ago we were working with a very large and renowned utility that’s mainly nuclear and coal and they thought you could only do 2 or 3% variable renewables without the lights going out and we surmise that this might perhaps be an organizational learning problem yes indeed it turns out they did their dispatch models on stuff that runs on a mainframe overnight and gives you reams of numbers you can’t understand so we introduced them to our Mac model that produced this it runs in 15 seconds and produces color graphics so you can actually see how the moving parts fit together and after a few weeks of guided play with this the utilities head of strategy formerly head of operations respected nuclear engineer stood up in front of the executive group and said you know you’re not gonna believe this but this is what we found I’m perfectly comfortable now we can do 30 to 50 percent variable renewables that’s not an upper valve that’s just as far as we analyzed it just means operating our existing assets in a different way that is much closer to classical economic dispatch it respects all of our ramp rates and maintenance schedules and so on we will have better reliability out of it and we may well make more money on it that’s the kind of shift in thinking that happens when you have the right tools to understand how this new choreography can work and of course we have to do a lot of fixing up of the grid because we have obsolete you know distribution controls we have to make it secure we have to ought to make it we have to make it bi-directional that stuff’s happening anyway real-time pricing is really helpful bigger and faster clearing markets would be essential but this is not difficult it’s just different and it’s a lot easier than not doing it and continuing to cope with the cascading blackout and other kinds of really scary problems that we have right now that we have to grow our way out of sir thanks Amy I had the pleasure of also hearing you at Greenbuild and then read your most of your book I was just curious agriculture which is a huge user of fossil fuel how do you where do you put them in the mix we actually did quite a lot of research on that which my colleagues persuaded me to largely take out of the book it was about one thing too many but that’s a much longer conversation at a very important one partly because quite a lot of agricultural trace gas is important to climate partly because we’re ruining a lot of our swamp fertility or losing a lot of our soil partly because of water partly because of food of the narrowness of the crop base genetics and so on my generally I think where the analysis points is the natural systems agriculture that looks and acts more like ecosystems is much more likely to succeed ecologically and economically than a very input intensive and essentially fragile or unreserve climate changes the more that becomes the case also there are some important structural changes we need to make for other reasons for example there’s now an important Public Health coalition emerging to ban the prophylactic use of feedlot antibiotics and that would I think put conventional feedlots and other intensive rearing methods out of business and require more humane and ecologically sensible methods which do not actually have to cost more I live for example in western Colorado whose traditional ranching economy was organic cow calf operations as they ate grass that’s what they’re designed for and the only reason that that isn’t flourishing now especially with all the concerns about prions and stuff is that USDA has refused to put inspectors on the western slope that would make it legal to run an abattoir there and by the time you shipped your critter over the continental dividing back it cost too much but that’s not a necessary problem that’s a fairly simple regulatory obstacle and I think probably reform of the beef system is the biggest lever in the world for improving the healthfulness of our food and the economy of a lot of our rural areas it’s a longer story than that but perhaps that’s a start sir J Bruns the Hartford

in Hartford Connecticut it sounds to me that the description that you make is that we’re probably already on this glide path to get to the desired state in 2050 because once and all the pieces are already there private sector just has to take into account those economic indicators and and do what it does I guess my question is what do you see as potential things that would intervene to inhibit that and to to block getting to that end state in 2050 well I suppose if we have an attack of the stupids we could keep increasing runaway subsidies we’re in a subsidy arms race on stuff that cannot compete in the market I think given the fiscal climate that’s not very likely that we are more likely to come to our senses and start running the subsidy arms rates backwards towards zero and instead of adding subsidies take them away in a reasonably balanced fashion I could actually enjoy a televised hearing in which a number of sworn energy executives are in front of a legislative committee that pulls out a new unbiased GAO CBO we need advise by say jug cop low at EarthLink dotnet who really understand subsidies and they’d say mmm mr. jones it looks like your industry got eleven billion dollars from this subsidy last year and mr. Smith you seem to have gotten about eight billion from oh but senator those aren’t subsidies oh so you wouldn’t mind if we took him away would you that’s how you tell if their subsidies and I think people who really do care about competition in free markets could have a lot of fun smoking out the corporate socialists and free marketeers clothing I think whatever political belief system you have that would be a good thing and if we want to get our taxes down that’s a pretty good start there are you know there are likely to be some bad things happening in the world which could cause us to respond stupidly again the more people understand what’s actually happening in the energy transition I’ve described the less likely we are to go off on bizarre adventures pursuing somebody’s favorite technology that they say is essential and I I wrote a piece some years ago called drilling in all the wrong places which is on our my dot org describing in two very terse pages maybe it’s just one why conservatives should be particularly offended by this nutty idea of drilling in the Arctic National Wildlife Refuge because the oil there is insecure uncompetitive on economic and unnecessary and for a conservative those are particularly dirty words rightly so that though that thesis is not yet widely known but you might ask yourself why are none of the oil majors in the least interested in oil from that source because it’s grotesquely uh neck anomic and risky and it’s about the last thing they’d ever be interested in they’ve made that very clear way in the back quickly could you just comment on global hydrofracking technology and how that will impact on the marketplace and maybe the hidden costs involved yeah well a lot of parts of the world do have tight and shale gas that could be fracked although not perhaps as easily as some here the fracking generically of course is not a new technique the way it’s being applied mixed with horizontal drilling in those shales has many fundamental uncertainties some of them are about the long-term produce ability profile some about the underlying gassy economics if you take away the oil light sweet crude oil by-product that’s driving a lot of the early plays and they use it or lose it leases that are driving rather frenetic drilling of the lake some are around induced seismicity earthquake issues some are around water use water contamination local site impacts there there’s a lot of stuff that we need to sort out it’ll take probably a decade to resolve those uncertainties if they resolved favorably we’ll be glad we have that additional resource if we don’t we won’t be too disappointed because we won’t need most of that gas anyway the main effect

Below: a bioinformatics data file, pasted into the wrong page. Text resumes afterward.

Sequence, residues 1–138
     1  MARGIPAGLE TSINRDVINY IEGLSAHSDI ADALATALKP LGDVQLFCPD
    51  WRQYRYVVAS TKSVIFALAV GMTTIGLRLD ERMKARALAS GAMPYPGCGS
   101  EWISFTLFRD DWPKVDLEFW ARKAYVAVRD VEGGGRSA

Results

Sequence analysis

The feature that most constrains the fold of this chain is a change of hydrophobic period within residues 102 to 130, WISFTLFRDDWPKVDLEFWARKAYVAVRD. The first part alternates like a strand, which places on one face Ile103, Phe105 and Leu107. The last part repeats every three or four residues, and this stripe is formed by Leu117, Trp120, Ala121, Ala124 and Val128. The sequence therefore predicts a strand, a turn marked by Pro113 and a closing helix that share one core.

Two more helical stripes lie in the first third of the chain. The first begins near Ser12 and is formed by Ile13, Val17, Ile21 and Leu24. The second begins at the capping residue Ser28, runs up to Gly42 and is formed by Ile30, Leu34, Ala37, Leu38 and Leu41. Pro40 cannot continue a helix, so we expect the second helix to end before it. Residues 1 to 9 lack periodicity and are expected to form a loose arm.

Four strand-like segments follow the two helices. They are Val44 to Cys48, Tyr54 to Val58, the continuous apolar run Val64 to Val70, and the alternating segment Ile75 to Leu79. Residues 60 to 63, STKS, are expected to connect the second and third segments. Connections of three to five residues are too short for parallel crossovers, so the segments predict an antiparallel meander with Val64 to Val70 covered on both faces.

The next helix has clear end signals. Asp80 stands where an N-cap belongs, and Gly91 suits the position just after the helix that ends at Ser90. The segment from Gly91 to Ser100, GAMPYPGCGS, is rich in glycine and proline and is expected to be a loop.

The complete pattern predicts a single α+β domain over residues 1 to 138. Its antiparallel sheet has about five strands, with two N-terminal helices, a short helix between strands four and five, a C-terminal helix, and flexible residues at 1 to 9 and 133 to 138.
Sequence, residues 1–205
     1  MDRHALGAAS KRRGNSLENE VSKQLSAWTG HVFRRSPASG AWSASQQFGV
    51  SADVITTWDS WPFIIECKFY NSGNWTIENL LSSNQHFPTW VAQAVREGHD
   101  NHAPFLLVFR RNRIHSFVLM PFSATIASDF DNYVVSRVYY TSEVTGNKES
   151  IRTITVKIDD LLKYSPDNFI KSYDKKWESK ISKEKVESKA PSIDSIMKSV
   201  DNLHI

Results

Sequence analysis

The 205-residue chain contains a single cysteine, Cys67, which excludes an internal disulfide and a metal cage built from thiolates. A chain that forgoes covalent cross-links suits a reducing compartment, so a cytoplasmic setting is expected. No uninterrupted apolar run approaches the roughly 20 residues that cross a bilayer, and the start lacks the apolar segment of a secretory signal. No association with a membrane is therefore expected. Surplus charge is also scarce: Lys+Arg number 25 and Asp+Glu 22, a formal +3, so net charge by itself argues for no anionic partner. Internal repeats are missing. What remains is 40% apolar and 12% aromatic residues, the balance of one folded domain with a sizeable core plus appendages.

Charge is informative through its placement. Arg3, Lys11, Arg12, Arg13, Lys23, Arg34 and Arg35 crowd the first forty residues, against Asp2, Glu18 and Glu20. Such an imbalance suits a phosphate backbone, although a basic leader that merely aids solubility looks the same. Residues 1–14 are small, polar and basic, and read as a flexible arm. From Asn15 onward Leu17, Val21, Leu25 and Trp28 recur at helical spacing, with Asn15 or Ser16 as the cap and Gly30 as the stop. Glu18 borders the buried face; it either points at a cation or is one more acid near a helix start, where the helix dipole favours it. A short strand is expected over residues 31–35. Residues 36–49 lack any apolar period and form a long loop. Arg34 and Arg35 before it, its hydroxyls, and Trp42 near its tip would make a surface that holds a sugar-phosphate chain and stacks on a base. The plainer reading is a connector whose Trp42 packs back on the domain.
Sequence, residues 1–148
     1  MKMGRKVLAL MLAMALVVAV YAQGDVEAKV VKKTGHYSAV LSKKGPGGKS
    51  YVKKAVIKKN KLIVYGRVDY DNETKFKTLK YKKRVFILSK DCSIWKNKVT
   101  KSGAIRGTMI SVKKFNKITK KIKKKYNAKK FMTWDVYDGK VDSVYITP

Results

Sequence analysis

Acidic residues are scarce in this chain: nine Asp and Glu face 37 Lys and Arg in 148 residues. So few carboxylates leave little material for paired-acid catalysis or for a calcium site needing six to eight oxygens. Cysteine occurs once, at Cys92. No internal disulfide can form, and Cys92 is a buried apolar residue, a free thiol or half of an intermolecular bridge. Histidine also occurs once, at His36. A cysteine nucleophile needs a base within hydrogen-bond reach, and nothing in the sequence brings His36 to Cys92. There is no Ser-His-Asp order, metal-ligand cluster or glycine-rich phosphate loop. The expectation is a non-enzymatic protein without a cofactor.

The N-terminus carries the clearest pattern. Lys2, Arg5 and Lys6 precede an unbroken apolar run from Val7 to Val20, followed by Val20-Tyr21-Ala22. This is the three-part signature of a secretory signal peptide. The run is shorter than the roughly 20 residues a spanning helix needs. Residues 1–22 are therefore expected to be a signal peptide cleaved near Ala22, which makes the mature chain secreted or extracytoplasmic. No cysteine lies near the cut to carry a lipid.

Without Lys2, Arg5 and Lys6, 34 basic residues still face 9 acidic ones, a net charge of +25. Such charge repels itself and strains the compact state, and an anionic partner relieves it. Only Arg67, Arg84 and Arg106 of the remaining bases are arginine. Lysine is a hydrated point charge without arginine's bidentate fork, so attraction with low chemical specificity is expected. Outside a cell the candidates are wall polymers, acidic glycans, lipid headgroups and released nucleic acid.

internationally will be to decouple guests from oil prices quite a lot of the gas price maybe a third of it and the world has already we’re still contractually tied to oil price which is nutty and that that’s going to strain and break and I think it’s probably not very good news for gas problem which might change Russian behavior about gas as a political tool so yeah that’s good we’re in for interesting times and of course the gas markets already roiled by events in Japan but I think the it’s an interesting example of many of how the hydrocarbon industries have extraordinary skills and their assets and capabilities will be very useful in the new world in a number of perhaps unexpected ways and the hydrocarbon they have in the ground will hydrogen in it we’ll be worth more without the carbon than with the carbon even without carbon pricing they’ll make more money taking hydrogen out in reformers than putting more in in refineries there will be a number of interesting surprises but those industries could have a bright future gas could be a useful transitional fuel and ultimately in a few decades after 2050 I expect we’ll get largely off gas as a fuel and it will remain a very useful feedstock our analysis was only about fuels not feedstocks you know not not the molecular use only the combustion use and fossil fuels are really good feedstocks and they’ll have to compete with the bio feedstocks Amery thank you very much I think we should continue the conversation outside the door in a more informal way but there’s really a great pleasure to have you here thank you thank you